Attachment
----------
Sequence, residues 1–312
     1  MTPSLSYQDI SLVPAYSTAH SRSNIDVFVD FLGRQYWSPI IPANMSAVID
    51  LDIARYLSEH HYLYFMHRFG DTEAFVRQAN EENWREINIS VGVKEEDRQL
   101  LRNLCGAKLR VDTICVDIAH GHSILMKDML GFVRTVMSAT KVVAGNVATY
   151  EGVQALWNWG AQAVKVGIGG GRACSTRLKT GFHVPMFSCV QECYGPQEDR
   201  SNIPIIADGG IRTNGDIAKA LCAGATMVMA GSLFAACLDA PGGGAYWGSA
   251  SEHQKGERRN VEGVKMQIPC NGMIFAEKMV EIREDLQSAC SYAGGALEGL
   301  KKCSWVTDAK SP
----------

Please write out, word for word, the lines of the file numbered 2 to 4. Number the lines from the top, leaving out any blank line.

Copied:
     1  MTPSLSYQDI SLVPAYSTAH SRSNIDVFVD FLGRQYWSPI IPANMSAVID
    51  LDIARYLSEH HYLYFMHRFG DTEAFVRQAN EENWREINIS VGVKEEDRQL
   101  LRNLCGAKLR VDTICVDIAH GHSILMKDML GFVRTVMSAT KVVAGNVATY